Some quick notes. I did my best planting. I have some old fertilizer for root growth that I intend to put on in the next day or two. I found I’ve lost all but a couple of my broccoli seeds (?!) so I just planted those. I put a bunch of stuff in the same bed to see how it goes. Most I still have plenty of seeds left. I should see growth in 7-10 days on most of the plants.

a very precise diagram of the bed

Newly planted (outside): peas, broccoli, brussel sprouts, kale, lettuce, radishes

Newly sprouted: butternut squash

Outdoor Planting

Setting Up the Cold Beds

Well that was a nice warm spell. It’s still low 50sF but cloudy with a drizzly rain and darn cool.

I set up a garden bed for cold plants.

Not too much to it. Husband, toddler and I dug up the grass in it, turned the dirt, pulled what looked like iris rhizomes and raked it smooth. I used two pieces of plastic tubing about 5 feet long to make arches and put cheap painter’s tarp plastic over it. The plastic I had laying around was only 3′ wide so I sewed it together (with my Hello Kitty sewing machine because I didn’t want to ruin my good machine.) It was getting a little windy so I did more of a half-assed job than I like but I’m beginning to get used to that with two kids and one of them always crying. (Right now it’s the little one.)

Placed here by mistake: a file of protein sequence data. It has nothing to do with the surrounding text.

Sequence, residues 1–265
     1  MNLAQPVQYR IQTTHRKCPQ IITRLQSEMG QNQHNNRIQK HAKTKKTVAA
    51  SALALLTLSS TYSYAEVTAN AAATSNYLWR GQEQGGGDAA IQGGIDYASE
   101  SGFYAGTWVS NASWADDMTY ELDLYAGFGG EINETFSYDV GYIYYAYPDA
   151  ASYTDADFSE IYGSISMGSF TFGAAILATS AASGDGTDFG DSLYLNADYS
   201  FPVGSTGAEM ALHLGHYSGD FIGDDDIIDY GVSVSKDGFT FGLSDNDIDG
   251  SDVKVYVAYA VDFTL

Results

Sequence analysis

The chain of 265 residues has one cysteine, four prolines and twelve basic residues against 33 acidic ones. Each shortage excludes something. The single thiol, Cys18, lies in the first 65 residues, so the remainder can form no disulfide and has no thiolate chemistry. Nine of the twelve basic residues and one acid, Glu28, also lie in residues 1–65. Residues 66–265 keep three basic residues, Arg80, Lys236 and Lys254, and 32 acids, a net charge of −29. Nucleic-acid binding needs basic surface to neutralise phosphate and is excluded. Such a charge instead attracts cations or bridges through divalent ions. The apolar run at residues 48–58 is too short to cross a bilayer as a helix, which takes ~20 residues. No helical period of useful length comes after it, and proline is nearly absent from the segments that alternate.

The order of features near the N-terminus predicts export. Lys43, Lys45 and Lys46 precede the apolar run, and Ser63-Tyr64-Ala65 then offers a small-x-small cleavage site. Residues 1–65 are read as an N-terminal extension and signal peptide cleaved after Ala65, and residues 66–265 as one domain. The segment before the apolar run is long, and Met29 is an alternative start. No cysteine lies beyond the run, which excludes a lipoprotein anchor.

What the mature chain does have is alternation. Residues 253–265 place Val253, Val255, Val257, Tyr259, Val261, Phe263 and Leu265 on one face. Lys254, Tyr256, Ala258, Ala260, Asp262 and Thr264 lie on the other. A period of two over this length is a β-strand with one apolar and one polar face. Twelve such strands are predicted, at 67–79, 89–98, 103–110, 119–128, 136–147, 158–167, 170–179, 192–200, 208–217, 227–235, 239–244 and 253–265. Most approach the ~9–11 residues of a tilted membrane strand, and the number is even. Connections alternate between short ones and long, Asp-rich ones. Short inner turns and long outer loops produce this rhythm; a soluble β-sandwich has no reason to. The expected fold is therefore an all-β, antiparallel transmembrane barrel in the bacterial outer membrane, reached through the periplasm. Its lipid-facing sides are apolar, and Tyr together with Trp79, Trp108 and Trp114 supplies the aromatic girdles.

Tomorrow I’ll plant lettuce, kale, broccoli, brussel sprouts or chard in there.

Permaculture Class

I enrolled in a free Permaculture class. Getting back to my alternative agriculture phase I went through in college on “Ag Hall”.